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Alte Nationalgalerie

Caspar David Friedrich’s Infinite Landscapes

Painter Caspar David Friedrich (1774–1840) was the foremost artist of the German romantic movement. His mysterious, atmospheric landscapes & seascapes, which inspired awe through evocations of nature’s vastness, did much to establish the idea of the sublime — an artistic effect producing the strongest emotion the mind is capable of feeling — as a central concern of romanticism. By the time of Friedrich’s death the romantic movement had given way to realism, and his work faded into obscurity. It was revived in 1906, when the Centenary Exhibition of German Art lauded Friedrich as a painter with an extraordinary proficiency for capturing light & atmosphere, and as a pioneer of modern art.

Caspar David Friedrich: The Watzmann
The Watzmann (c. 1824)

Friedrich’s rediscovery, now 118 years ago, is the central theme of the exhibition Caspar David Friedrich — Infinite Landscapes, which is on display at the Alte Nationalgalerie in Berlin until 4 August. The exhibition gives an overview of his life & work and explores his process & technique, focusing on his precise study of nature and romantic imagination. In Friedrich’s landscapes of longing, with their wide skies and distant horizons, the infinity of space & time becomes perceptible. His timeless images stimulate thought & feeling, which makes them so fascinating to this day. The exhibition shows some 60 paintings and 50 drawings, including The Sea of Ice, Chalk Cliffs on Rügen, The Watzmann, and pairs such as Monk by the Sea and Abbey among Oak Trees, and Moonrise over the Sea and Solitary Tree.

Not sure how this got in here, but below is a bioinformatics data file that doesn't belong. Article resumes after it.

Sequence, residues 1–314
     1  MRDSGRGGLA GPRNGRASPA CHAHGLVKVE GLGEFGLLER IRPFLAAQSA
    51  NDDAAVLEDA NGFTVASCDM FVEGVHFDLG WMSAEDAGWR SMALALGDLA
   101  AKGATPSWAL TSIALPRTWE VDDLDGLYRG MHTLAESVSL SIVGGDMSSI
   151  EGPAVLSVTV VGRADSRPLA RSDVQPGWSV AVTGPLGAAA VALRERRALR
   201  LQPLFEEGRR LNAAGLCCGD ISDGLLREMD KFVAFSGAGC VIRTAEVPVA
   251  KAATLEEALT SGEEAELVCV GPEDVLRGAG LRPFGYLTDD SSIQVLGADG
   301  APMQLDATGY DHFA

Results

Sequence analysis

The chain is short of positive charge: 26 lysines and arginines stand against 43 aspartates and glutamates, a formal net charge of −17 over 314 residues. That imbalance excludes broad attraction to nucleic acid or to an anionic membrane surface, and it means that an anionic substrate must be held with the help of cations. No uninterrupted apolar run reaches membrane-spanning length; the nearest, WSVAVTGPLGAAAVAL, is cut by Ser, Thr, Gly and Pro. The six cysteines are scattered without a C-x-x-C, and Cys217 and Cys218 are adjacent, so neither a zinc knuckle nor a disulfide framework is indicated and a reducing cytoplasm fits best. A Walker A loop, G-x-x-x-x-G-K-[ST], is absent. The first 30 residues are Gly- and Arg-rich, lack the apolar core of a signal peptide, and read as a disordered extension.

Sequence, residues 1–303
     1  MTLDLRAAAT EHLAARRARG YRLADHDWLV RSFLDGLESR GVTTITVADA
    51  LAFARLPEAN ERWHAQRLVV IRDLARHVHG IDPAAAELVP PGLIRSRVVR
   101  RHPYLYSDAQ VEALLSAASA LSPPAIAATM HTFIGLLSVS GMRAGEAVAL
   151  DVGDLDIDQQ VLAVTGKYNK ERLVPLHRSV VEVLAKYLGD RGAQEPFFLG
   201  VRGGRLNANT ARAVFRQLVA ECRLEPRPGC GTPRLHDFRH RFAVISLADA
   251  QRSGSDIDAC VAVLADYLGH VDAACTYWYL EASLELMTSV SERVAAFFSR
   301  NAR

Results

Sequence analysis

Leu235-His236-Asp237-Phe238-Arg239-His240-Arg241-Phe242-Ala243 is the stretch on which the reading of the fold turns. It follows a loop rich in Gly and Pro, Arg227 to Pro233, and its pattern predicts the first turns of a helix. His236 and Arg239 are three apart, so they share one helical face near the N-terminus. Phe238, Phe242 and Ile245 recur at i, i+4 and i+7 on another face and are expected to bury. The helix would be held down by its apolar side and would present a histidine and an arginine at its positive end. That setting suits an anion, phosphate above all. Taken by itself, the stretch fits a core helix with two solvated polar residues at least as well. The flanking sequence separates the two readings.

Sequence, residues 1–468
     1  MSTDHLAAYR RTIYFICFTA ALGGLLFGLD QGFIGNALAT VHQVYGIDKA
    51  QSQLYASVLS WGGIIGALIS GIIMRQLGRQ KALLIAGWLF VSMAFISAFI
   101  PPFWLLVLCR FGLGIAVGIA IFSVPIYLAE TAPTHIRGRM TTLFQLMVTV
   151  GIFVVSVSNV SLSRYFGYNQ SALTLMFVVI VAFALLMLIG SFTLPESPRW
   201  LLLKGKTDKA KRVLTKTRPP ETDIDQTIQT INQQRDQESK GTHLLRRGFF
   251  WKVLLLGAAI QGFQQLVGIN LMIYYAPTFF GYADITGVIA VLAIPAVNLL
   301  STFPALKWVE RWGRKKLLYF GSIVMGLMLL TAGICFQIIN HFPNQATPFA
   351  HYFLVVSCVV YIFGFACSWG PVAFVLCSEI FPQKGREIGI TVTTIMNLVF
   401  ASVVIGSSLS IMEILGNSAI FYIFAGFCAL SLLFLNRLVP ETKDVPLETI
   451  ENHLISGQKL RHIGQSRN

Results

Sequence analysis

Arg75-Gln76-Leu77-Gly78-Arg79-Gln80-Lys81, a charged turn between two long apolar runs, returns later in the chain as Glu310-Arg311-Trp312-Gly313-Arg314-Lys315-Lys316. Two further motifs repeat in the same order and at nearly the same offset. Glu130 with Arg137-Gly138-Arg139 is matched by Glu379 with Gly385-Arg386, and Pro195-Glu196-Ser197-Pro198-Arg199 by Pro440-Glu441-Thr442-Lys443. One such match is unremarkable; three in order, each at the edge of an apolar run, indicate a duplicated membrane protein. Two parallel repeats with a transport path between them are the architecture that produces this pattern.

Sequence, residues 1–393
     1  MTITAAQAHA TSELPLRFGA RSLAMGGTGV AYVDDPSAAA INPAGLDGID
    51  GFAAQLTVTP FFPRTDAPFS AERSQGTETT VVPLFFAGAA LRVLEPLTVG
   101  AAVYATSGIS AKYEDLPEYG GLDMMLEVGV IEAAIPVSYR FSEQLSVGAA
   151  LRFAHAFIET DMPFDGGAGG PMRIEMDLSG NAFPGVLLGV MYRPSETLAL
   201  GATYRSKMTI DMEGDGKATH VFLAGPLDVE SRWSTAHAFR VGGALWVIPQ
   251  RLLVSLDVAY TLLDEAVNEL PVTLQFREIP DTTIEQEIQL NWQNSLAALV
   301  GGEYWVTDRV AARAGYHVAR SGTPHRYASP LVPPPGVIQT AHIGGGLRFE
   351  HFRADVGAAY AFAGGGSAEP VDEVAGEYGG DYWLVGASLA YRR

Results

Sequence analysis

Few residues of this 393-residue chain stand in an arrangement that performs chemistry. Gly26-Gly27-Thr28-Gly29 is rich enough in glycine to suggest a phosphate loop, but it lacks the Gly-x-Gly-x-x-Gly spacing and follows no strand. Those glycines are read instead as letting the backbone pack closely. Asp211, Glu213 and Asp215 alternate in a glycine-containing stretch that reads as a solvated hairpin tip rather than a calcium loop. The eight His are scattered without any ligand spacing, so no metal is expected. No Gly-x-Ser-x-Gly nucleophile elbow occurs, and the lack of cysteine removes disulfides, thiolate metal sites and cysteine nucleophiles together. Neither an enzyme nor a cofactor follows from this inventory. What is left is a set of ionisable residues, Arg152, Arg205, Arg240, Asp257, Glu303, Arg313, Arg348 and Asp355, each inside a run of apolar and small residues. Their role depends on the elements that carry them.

Reader comments


The passion caused by the great and sublime in nature is astonishment, and astonishment is that state of the soul in which all its motions are suspended. In this case the mind is so entirely filled with its object that it cannot entertain any other, nor by consequence reason on that object which employs it. Hence arises the great power of the sublime, that far from being produced by them, it anticipates our reasonings, and hurries us on by an irresistible force.


I will definitely come back to this later.


Infinite Landscapes is the second of three exhibitions marking the 250th anniversary of Caspar David Friedrich’s birth. The first one, at the Hamburger Kunsthalle, home to Wanderer above the Sea of Fog, his best-known work, ended on 1 April. The third exhibition, Where it all started, i.e. in Dresden, is to open on 28 August at the Albertinum and the Royal Palace, and will explore the artist as a painter and a drawer respectively.